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Mason Crane: 'I just want to play and feel like an integral part of a team'

England legspinner on hopes for Glamorgan loan and proving he is still a force in all formats

Alan Gardner
Alan Gardner
Mason Crane won the Blast with Hampshire in 2022 but will play all formats for Glamorgan this summer  •  Alex Davidson/Getty Images

Mason Crane won the Blast with Hampshire in 2022 but will play all formats for Glamorgan this summer  •  Alex Davidson/Getty Images

It is just over two years since Mason Crane put Hampshire within touching distance of their first County Championship since 1973. "I had two balls to win the title," Crane says, reflecting on his dramatic five-wicket intervention against Lancashire at Aigburth in the final round of the 2021 season. "I bowled really well in that innings. But you know, obviously then things change and a new summer comes around and it's all part of playing in England really. There's always going to be things in the way of the spinner."
Had Crane managed to dismiss fellow leggie Matt Parkinson with one of those two deliveries, Hampshire would have pipped eventual champions Warwickshire by half a point. Instead, their wait goes on, while Crane has had to go back to biding his time, too - in the manner experienced by many a young English tweaker. Now in the final year of his contract, and after playing just five Championship games over the last two seasons (two of them for Sussex), he has agreed to spend the summer on loan at Glamorgan.
The move covers all formats, which seems significant given Crane has played a big part in Hampshire's white-ball success - helping them to the One-Day Cup in 2018 and another Blast title in 2022, as well as featuring in two more 50-over finals. But he kicked his heels through much of 2023, playing just six Blast games and once in the Hundred for London Spirit before returning to Hampshire for the Metro Bank Cup.
With Liam Dawson covering off Championship spin duties with aplomb - even while being disregarded by England - and contributing top-order runs into the bargain, Crane began to look at his options. "It just reached a point where it felt to me like I'm going to have to go elsewhere, at least temporarily, to try and get some cricket," he tells ESPNcricinfo.
"I've sat and watched a bit over the last couple of summers, as a team wins a tight game with a certain make-up of the XI, and then you stick with it. It's tough, to be right on the cusp of winning it all one minute and then yeah, in game time, only five games later to be not involved at all. But I'm used to it now as part of being a spinner in England. You've got to accept it.
"Obviously, it's always frustrating. I just really want to play cricket and I feel like I've made some strides in the last couple of years but haven't been able to show it whatsoever. So it's important I play, everyone is in agreement really. I'm obviously grateful Glamorgan have given me an opportunity to do that. I'm very excited actually that I don't have to turn up and constantly think about how I'm going to maybe get a game here and there, I can just settle in and play as much as I can."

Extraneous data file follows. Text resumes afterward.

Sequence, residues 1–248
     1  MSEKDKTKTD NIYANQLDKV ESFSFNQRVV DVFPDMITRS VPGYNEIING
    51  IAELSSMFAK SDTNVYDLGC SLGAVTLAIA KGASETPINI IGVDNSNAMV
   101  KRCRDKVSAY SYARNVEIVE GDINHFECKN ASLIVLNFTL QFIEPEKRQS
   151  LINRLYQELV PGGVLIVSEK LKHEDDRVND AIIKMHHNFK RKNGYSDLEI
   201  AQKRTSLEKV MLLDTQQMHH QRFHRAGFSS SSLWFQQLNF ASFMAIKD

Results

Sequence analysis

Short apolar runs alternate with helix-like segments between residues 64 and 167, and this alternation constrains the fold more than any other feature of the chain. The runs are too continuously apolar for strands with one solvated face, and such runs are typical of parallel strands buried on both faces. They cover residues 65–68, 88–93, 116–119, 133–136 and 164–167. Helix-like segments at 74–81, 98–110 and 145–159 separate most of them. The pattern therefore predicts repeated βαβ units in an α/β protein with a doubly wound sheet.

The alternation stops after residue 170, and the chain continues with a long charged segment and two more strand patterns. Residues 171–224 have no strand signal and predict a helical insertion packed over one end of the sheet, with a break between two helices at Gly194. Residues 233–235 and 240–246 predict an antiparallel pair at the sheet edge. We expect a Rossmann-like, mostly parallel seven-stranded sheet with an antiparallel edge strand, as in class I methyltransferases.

In Cardiff, Crane will be reunited with his former Hampshire team-mate, Sam Northeast. The two had remained in contact and Northeast knew of Crane's desire for game time. After Glamorgan confirmed Grant Bradburn as the successor to Matt Maynard in the head coach role, wheels were set in motion to bring Crane along the M4. Northeast has subsequently been named red-ball captain and is confident that Glamorgan have signed a player who can make a significant impact in their bid for promotion from Division Two.
"We needed something a little bit different, a wicket-taker, and we think he's the man to do it," Northeast says. "A couple of times [last season] we had teams eight- or nine-down at the end and missed that magic touch really, that little X-factor. He's definitely someone who can provide that for us. We want him to settle in, not to put huge pressure on him. We want him to be part of the squad and I'm sure he'll play his part through the season.
For all that county cricket remains a tough nut for spinners to crack, Northeast believes that Cardiff is one of several venues on the circuit that increasingly requires "something different" for teams to force victory. He puts this down to the ECB's decision in 2019 to sanction the use of the heavy roller across all four innings, which has begun to negate the traditional impact of an all-seam attack.
"Day four in Cardiff can be one of the best days to bat," Northeast says. "There's a bit of grass and then four heavies and it flattens out, and you don't get the up-and-down nature that you did in the past. We felt that we definitely needed a real classy spinner and that's what Mason will bring."


It is now almost a decade since Crane emerged on the county scene as a precocious legspinning talent. Capped by England in T20Is at the age of 20, he made his sole Test appearance six months later in the 2017-18 Ashes before two back stress fractures derailed his progress. But having recently turned 27, and well knowing the received view on how long it takes spinners to mature - "If I had a pound every time someone came up to me and told me 'you'll only peak when you get to 30'… I've heard it a million times" - his focus for now is on playing consistently and feeling good about his game.